You will find one term over and over in the book: Amdatu. Amdatu is a Java OSGi framework to build (modular) cloud applications. And guess what? It is build by one of the authors of the book, Paul Bakker! This could be the reason why Amdatu seams to be the answer for everything. How should we implement authentication? With the Amdatu token provider! And what about a REST API? Yeah, Amdatu has all the libraries packed in some OSGi bundles! And ever thought about some documentation? Amdatu has already repacked the Swagger framework! And don’t forget Amdatu Social, Amdatu Mongo and all the other stuff reinventing the wheel for you while talking about modularity to help you to don’t reinvent the wheel. Also consider to not use standard frameworks like Spring, Amdatu has a more modular solution! But try to search Amdatu on Google Trends

The world is not ready for OSGi

The world is still not ready for OSGi! After reading the book you get a notion that every existing Java framework is not modular enough and the only solution is to repack them all. None shall pass.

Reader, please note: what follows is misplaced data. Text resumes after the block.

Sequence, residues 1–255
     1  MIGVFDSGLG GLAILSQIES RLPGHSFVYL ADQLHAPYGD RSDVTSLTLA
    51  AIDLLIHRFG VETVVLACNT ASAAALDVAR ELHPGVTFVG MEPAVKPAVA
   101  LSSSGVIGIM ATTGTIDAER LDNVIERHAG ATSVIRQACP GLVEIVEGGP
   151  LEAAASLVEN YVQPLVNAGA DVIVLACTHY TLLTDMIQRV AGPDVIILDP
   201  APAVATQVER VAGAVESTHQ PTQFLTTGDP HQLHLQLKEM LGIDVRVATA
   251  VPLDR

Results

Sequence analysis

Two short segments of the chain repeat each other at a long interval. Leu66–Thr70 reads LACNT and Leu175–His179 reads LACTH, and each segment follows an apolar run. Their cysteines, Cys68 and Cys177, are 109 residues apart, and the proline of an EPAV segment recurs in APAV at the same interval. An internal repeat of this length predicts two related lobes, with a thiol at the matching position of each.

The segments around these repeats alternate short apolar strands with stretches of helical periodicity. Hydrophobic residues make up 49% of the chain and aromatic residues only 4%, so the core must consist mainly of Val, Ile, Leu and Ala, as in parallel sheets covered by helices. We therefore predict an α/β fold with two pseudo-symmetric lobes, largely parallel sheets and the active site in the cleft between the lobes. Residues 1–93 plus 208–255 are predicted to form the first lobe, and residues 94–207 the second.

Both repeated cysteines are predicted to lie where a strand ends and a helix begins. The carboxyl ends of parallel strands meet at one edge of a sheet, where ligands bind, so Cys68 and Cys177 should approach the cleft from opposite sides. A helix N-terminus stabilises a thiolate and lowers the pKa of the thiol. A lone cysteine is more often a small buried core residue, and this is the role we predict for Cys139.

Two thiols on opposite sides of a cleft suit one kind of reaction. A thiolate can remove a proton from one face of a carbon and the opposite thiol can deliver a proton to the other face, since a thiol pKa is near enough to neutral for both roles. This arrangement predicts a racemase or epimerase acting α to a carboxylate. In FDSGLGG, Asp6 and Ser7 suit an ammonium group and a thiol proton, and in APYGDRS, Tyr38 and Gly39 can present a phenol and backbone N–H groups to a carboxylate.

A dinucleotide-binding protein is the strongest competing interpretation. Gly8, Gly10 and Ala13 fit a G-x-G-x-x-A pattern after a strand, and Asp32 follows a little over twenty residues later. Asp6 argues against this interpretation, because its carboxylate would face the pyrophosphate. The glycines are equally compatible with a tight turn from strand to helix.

Riding the cloud wave

The book is really good to learn something about OSGi and maybe to get some insights into SOA. You will learn what bundles are, how provisioning can be done and what REST is. But the cloud part is really weak. The book does not cover any cloud system, any cloud service or any cloud SDK/API. What a pity. Modular Apps with OSGi would have been a much better title, but cloud sells.


By the way, there is an excellent video on YouTube by the authors of the book. IMHO the video explains much better how to build cloud apps with Amdatu and OSGi than the book. Especially the part about Apache ACE becomes very clear. Take a look:

Best regards,